JERUSALEM (AP) — The Jerusalem neighborhood where Palestinian attackers killed four people in a crowded synagogue Tuesday is far removed from the flashpoints in this contested city.
This newest assault amid a wave of other attacks engulfing Jerusalem, however, has left those living in Har Nof, home to 20,000 people, worrying about their personal security.
"Every one, everywhere is in danger," said Yitzhak Heshing, who was injured in Tuesday's attack. "Not just in Jerusalem but everywhere. I think that what is happening is a very crazy situation."
Perched on a verdant hill in Jerusalem's far west, Har Nof is a collection of modern-looking concrete buildings overlooking two of the region's trendiest suburbs and the main highway connecting Jerusalem and Tel Aviv.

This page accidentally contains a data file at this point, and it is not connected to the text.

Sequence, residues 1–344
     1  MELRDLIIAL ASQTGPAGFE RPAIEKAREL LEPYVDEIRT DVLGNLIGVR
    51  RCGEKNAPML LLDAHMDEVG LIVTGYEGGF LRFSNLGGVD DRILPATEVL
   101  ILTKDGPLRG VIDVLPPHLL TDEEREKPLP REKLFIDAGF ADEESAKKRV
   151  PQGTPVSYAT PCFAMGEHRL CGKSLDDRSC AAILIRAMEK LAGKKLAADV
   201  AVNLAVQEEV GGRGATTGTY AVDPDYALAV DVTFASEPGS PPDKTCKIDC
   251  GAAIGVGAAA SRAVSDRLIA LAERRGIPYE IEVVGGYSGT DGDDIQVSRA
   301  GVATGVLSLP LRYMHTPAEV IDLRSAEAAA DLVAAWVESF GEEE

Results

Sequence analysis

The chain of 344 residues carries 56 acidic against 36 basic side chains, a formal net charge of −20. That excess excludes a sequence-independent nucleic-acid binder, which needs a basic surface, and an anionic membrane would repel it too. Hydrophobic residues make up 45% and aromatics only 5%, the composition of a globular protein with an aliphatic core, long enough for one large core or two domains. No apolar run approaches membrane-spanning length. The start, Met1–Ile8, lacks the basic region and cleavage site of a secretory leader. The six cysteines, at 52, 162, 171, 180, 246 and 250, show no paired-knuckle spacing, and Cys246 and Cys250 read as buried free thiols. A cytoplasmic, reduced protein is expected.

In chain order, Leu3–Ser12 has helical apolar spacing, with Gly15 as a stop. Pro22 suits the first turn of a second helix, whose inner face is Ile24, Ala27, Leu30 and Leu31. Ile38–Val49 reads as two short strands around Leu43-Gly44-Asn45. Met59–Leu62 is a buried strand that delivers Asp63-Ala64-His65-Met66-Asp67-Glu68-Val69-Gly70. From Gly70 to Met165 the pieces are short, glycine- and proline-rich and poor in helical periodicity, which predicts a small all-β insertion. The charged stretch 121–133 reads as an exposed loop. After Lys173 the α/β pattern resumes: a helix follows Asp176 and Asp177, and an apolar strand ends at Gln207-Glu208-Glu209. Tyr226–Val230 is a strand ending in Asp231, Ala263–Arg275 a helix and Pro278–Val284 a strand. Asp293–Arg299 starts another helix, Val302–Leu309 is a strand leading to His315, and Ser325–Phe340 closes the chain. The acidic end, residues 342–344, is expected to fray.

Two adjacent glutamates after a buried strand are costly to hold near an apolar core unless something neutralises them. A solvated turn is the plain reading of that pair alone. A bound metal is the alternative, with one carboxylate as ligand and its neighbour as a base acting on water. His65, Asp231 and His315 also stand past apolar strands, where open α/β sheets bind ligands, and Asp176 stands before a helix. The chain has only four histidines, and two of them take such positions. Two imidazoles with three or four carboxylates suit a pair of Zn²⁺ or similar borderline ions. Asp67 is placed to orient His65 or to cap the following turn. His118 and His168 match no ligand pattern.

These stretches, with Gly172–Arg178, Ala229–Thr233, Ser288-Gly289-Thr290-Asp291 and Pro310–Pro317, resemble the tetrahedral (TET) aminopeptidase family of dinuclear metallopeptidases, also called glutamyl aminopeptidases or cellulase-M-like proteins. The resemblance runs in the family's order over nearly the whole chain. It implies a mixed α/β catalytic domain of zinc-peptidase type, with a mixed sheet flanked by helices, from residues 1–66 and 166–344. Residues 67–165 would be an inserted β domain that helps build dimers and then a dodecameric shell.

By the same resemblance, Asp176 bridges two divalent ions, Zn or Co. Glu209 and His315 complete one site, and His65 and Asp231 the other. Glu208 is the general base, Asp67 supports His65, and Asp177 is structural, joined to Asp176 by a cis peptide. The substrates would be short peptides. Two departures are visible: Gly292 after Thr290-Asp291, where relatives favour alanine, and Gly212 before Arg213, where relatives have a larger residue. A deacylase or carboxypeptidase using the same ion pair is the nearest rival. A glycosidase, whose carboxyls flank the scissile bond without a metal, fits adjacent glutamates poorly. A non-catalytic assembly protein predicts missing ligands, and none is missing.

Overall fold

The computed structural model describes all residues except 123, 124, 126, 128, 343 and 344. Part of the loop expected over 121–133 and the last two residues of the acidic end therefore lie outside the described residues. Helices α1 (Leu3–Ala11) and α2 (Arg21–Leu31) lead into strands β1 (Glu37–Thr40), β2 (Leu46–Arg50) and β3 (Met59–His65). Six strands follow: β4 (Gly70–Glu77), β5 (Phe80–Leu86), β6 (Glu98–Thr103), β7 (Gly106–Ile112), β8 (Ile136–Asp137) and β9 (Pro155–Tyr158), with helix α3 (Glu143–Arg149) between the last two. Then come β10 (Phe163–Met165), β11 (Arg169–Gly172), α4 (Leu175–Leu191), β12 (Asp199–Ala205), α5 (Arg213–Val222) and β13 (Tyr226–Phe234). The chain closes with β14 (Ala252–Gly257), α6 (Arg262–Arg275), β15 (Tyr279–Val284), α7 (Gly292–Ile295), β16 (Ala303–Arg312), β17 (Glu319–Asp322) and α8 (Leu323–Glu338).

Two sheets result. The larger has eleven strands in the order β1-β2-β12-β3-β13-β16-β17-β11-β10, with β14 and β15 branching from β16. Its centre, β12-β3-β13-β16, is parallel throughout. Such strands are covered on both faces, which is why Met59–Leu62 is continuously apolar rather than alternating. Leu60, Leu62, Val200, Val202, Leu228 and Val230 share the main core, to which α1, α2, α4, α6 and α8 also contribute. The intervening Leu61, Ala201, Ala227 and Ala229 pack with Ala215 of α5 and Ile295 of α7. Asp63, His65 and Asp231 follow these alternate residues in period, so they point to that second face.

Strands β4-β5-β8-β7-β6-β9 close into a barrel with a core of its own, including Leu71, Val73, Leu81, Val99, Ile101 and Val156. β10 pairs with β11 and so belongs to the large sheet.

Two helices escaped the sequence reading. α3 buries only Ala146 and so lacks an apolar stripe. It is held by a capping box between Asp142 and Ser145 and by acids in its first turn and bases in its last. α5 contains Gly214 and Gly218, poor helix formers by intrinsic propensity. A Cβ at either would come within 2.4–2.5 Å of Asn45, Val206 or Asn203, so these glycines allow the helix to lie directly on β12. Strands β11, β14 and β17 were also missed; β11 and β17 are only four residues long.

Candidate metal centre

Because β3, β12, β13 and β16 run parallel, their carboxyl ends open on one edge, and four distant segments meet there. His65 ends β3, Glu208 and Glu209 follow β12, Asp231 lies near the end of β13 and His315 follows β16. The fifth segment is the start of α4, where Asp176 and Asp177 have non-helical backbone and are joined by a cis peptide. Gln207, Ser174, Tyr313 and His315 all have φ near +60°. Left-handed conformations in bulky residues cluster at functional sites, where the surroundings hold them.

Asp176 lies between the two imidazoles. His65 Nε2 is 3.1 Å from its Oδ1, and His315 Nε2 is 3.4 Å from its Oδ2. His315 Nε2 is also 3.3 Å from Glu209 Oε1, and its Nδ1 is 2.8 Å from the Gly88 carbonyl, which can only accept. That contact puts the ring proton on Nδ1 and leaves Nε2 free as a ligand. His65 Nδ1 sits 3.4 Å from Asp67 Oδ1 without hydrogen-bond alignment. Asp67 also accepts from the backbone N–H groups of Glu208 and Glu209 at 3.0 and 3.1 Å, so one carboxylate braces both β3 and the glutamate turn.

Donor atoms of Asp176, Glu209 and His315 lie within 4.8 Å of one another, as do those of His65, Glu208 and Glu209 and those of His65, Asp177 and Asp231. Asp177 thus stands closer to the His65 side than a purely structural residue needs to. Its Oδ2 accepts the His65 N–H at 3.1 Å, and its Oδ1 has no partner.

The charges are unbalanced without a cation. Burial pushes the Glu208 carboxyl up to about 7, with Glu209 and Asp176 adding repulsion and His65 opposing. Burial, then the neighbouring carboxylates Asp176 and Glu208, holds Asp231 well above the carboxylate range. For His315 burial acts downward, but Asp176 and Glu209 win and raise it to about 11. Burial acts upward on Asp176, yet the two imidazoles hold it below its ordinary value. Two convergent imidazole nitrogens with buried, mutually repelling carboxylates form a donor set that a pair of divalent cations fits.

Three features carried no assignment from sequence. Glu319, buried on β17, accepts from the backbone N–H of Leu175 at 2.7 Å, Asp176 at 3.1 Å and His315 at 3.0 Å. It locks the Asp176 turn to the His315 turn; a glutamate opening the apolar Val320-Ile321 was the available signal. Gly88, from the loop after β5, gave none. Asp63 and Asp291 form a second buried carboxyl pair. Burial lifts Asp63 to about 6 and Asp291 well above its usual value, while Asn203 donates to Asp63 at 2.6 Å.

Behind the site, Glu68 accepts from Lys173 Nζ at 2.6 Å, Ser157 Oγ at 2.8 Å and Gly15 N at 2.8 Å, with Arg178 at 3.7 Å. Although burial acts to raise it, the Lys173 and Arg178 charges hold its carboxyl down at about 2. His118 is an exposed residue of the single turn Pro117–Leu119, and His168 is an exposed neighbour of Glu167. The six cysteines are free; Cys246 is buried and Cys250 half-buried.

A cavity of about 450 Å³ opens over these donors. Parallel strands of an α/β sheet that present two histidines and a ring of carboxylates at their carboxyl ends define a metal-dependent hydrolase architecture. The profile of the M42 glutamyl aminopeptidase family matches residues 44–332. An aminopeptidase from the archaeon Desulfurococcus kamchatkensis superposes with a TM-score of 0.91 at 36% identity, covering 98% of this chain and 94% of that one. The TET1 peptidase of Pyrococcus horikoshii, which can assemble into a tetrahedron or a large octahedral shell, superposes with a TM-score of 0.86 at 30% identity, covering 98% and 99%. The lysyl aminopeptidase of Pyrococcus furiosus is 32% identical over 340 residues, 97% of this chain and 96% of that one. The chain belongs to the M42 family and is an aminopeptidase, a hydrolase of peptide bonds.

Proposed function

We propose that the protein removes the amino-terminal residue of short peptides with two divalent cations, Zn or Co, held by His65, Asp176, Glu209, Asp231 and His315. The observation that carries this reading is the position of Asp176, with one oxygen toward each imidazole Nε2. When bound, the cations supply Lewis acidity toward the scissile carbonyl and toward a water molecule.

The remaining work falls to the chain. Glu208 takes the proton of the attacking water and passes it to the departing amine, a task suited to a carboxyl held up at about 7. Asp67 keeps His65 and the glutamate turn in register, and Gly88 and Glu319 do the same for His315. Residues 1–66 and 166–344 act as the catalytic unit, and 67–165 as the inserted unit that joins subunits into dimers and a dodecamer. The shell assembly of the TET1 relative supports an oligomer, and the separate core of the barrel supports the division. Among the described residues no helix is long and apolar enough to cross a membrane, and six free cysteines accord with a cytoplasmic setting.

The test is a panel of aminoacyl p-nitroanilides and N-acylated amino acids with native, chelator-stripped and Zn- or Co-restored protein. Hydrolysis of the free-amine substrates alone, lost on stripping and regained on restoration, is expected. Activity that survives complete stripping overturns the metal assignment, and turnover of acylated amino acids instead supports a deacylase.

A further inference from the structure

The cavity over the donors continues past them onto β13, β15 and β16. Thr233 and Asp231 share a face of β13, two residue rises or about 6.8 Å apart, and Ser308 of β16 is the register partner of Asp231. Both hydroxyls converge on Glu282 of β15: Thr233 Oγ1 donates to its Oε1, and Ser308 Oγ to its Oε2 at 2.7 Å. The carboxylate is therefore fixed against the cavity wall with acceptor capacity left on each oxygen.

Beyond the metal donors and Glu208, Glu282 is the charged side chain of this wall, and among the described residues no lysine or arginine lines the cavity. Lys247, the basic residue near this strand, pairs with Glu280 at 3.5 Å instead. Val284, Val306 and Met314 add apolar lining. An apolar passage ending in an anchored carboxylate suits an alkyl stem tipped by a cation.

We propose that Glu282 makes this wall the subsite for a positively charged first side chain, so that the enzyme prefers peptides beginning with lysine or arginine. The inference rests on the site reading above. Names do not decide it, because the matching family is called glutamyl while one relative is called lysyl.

Most of its residents are ultra-Orthodox Jews, many of them immigrants from North America and western Europe. Leaders of the Shas Party — founded by religious Jews with Middle Eastern and North African backgrounds and closely identified with a string of nationalistic Israeli governments — also call it home.
Heshing, who was being treated for his wounds Tuesday in the same Jerusalem hospital where he works as a doctor, said that his sense of security was in tatters following the attack.
"Everyone needs to carry a gun," he said. "I don't know. Personally I think I'll need to carry a weapon."
Shas legislator Eli Yishai, who has ties to Har Nof, said that the synagogue attack had affected residents not only there, but throughout Jerusalem as a whole.
"Their sense of security is gone," Yishai said. "They feel this in a very personal way. They are now asking for the government to act for them and to act immediately."